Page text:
The ministry regarded Cust as one of their ‘friends’, and he duly voted with them in the crucial civil list division, 15 Nov. 1830. He called for the establishment of some authority to control the ‘lavish and unlimited expenditure’ on public buildings such as Buckingham House and the new law courts, 15 Feb. 1831. He divided against the second reading of the Grey ministry’s reform bill, 22 Mar., and for Gascoyne’s wrecking amendment, 19 Apr. 1831. He was again returned unopposed for Lostwithiel at the ensuing general election. He divided against the second reading of the reintroduced reform bill, 6 July, and for Gordon’s adjournment motion, 12 July. He voted to use the 1831 census for the purpose of determining the disfranchisement schedules, 19 July, and to postpone consideration of Chippenham’s inclusion in schedule B, 27 July. He divided against the bill’s passage, 21 Sept., and the second reading of the Scottish bill, 23 Sept. He voted to abolish the Maynooth grant, 26 Sept. Following the report of the select committee (of which he was member) on the House’s accommodation, 11 Oct., he said it was obvious that the office provision was ‘extremely inconvenient’ and he hoped that ‘effectual steps’ would be taken. He divided against the second reading of the revised reform bill, 17 Dec. 1831, having expressed disappointment that Lostwithiel still faced complete disfranchisement. He believed the bill was fundamentally ‘the same in principle’ as its predecessors and would still make ‘dangerous inroads upon the constitution’. He welcomed the reprieve given to resident freemen voters, but warned that the disfranchisement of small boroughs would ‘deprive the colonists of making their wants and wishes known to the legislature’. He claimed that he would have been willing to support ‘a mild measure of reform’, but asserted that ministers had ‘endeavoured to catch the popular breath on every occasion, by yielding anything to the demands of the leaders of the populace’, and were apparently ‘either ignorant of, or indifferent to the consequences which may flow from their acts’. He protested in vain at the disfranchisement of Lostwithiel when boroughs with smaller populations, such as Malmesbury and Midhurst, were spared, 21 Feb. 1832. He voted against the enfranchisement of Tower Hamlets, 28 Feb., and the bill’s third reading, 22 Mar. He divided against ministers on the Russian-Dutch loan, 26 Jan., 12 July 1832.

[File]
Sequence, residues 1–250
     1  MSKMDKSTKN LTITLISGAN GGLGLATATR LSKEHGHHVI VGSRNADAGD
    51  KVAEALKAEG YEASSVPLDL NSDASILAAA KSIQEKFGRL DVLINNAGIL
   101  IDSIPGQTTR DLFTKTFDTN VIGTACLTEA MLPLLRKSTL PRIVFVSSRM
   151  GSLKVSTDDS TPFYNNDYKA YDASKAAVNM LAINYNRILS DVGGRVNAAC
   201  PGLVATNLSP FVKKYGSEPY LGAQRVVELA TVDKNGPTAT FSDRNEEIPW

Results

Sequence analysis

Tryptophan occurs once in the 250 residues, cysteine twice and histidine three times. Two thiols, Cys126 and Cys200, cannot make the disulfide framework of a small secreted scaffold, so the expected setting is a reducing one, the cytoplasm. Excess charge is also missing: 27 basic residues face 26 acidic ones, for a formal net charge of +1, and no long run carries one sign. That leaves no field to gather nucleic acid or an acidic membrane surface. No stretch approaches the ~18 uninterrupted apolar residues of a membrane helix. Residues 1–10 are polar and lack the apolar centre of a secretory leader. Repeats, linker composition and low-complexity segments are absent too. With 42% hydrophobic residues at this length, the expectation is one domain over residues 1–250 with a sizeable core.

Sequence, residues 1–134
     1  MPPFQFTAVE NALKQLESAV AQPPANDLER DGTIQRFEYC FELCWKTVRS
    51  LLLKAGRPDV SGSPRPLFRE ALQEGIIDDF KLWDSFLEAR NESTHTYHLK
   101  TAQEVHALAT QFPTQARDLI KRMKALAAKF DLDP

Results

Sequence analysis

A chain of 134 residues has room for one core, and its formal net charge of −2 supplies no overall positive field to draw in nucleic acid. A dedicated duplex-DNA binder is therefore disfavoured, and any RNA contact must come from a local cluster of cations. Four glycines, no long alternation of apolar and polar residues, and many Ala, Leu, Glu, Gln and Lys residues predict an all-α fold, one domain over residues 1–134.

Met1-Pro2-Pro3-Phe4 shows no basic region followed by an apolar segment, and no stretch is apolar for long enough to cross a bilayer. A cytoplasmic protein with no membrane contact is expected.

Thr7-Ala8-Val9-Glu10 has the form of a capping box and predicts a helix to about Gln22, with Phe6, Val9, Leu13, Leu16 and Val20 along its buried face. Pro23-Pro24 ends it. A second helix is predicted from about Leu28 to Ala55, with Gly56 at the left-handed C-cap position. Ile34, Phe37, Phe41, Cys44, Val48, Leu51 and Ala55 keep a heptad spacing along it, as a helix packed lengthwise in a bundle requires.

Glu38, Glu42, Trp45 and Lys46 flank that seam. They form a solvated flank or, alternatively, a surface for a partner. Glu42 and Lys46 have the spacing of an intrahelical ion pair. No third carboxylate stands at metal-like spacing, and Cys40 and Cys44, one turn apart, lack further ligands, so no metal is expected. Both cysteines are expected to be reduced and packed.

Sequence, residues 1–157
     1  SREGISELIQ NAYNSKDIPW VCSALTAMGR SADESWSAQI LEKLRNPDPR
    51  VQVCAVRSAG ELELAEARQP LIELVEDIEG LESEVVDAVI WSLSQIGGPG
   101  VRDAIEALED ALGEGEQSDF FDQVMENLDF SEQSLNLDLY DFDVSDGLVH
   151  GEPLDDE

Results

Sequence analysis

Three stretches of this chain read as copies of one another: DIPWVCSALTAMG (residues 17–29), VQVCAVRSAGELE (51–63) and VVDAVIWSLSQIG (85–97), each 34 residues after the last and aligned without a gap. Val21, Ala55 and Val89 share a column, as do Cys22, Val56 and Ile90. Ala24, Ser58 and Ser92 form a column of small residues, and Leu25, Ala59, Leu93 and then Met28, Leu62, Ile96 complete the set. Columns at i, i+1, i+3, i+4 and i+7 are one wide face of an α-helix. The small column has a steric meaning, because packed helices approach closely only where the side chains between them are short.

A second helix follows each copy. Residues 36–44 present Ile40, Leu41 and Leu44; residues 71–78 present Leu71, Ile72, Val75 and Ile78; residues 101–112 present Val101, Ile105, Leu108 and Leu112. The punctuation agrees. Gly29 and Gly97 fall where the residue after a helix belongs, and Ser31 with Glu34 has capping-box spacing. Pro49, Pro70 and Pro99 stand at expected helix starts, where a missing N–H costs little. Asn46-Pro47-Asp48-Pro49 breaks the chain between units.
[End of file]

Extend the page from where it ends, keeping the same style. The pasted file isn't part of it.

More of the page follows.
Cust did not seek another seat after the dissolution in 1832. He visited his plantation in 1838 and on his return published Reflections on West Indian Affairs (1839), in which he stated that in hindsight he regretted that the process of abolishing slavery had not commenced immediately after the parliamentary resolutions of 1823. He also wrote The Colonies and Colonial Government (1845). He became a respected military historian, producing a five-volume Annals of the Wars of the Eighteenth Century (1857), a four-volume companion on the nineteenth century (1862), and a three-volume study, Lives of the Warriors of France and England (1865-9). He also edited two volumes of religious writings, Noctes Dominicae (1848) and Family Reading (1850), based on the New Testament. He died in January 1878 and was succeeded by his only son Leopold, who died suddenly seven weeks later.

Ref Volumes: 1820-1832

Author: Martin Casey

Notes

  • 1. Grantham Pollbook (1820), passim.
  • 2. Inst. of Commonwealth Stud. M915/11; E. Cust, Reflections on West Indian Affairs, 4.
  • 3. Grantham Pollbook (1826), passim.
  • 4. Add. 40395, f. 56.